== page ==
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Treatment FOCUS: A Signed Freud Photograph

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    • November-December 2015 FOCUS Freud Photograph 1
    • November-December 2015 FOCUS Freud Photograph 2
    • November-December 2015 FOCUS Freud Photograph 3
    • November-December 2015 FOCUS

The most famous photograph of Sigmund Freud depicts the psychoanalyst standing with his signature cigar in a stark, chiaroscuro contrapposto. Perhaps fittingly for Freud, the portrait was actually taken by a relative: his son-in-law, a man named Max Halberstadt. Halberstadt—who’d married Freud’s daughter Sophie, the fifth of his six children—was a practicing portrait photographer in the early twentieth century.

A copy of this photograph that Freud himself signed and dated “Nov 1927” recently came to CCAHA for treatment. CCAHA Photograph Conservator Rachel Wetzel treated the photograph. When it arrived, the photograph had a small stain above the cigar. The interaction between the photograph and its mount had also been problematic. The photograph had been tacked to the mount at the top and bottom edges with adhesives that stained the photograph. The area where the photograph rested on the mount was discolored. The center of the top edge of the mount had torn, and both the photograph and the mount exhibited moderate surface grime throughout.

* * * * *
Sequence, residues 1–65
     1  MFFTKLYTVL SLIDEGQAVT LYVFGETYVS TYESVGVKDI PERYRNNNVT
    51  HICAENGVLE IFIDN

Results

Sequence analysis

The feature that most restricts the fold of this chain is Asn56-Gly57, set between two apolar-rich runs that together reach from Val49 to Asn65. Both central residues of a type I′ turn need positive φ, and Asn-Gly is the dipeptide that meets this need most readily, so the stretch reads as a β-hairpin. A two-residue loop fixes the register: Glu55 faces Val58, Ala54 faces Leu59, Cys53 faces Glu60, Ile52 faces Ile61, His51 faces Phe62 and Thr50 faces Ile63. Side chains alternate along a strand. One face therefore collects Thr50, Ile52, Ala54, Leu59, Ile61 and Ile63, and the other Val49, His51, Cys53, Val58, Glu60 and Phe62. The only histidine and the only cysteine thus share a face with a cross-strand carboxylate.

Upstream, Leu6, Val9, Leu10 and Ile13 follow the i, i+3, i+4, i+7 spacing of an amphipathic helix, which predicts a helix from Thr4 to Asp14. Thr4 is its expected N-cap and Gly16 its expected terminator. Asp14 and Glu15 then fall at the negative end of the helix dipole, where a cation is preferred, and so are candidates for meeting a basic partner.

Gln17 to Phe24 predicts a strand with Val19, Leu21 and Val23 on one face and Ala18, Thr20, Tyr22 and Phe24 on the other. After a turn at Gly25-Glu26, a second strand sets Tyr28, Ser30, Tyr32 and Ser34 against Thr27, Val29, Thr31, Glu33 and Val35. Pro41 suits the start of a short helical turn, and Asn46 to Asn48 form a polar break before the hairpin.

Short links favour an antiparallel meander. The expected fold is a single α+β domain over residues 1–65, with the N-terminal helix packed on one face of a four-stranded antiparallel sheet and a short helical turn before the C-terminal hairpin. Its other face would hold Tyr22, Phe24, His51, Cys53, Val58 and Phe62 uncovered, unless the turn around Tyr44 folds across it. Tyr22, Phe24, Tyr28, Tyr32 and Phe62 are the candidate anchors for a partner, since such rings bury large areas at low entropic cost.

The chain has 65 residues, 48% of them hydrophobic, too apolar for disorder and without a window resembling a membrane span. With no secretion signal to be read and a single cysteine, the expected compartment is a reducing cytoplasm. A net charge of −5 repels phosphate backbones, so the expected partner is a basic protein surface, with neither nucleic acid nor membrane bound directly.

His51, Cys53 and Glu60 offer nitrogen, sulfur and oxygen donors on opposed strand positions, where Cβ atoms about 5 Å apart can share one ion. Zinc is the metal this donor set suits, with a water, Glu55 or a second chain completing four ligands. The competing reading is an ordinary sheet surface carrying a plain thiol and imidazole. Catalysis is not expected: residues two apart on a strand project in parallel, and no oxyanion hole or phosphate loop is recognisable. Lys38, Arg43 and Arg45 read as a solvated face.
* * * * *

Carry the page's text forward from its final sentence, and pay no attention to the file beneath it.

After testing the photographic media with deionized water, Wetzel cleaned the surface of the photograph and the mount with a soft polyurethane sponge to reduce surface grime. She applied deionized water with micro swabs to the stain just above the cigar. Using controlled moisture and heat, she locally reduced the stains on the mount. Wetzel mended the tear on the back of the mount with Japanese tissue and wheat starch paste, which she then toned with pastel pencils to blend. She applied four small Japanese paper hinges to the photograph to re-adhere it to the mount: two at the center and two at the bottom of the left and right edges. Lastly, she applied a small amount of pastel pencil to the stain on the photographic surface to minimize its appearance. 

Click here to view or download this article as a PDF. 

Images: CCAHA Photograph Conservator Rachel Wetzel removes a stain with a micro swab | the photograph before and after treatment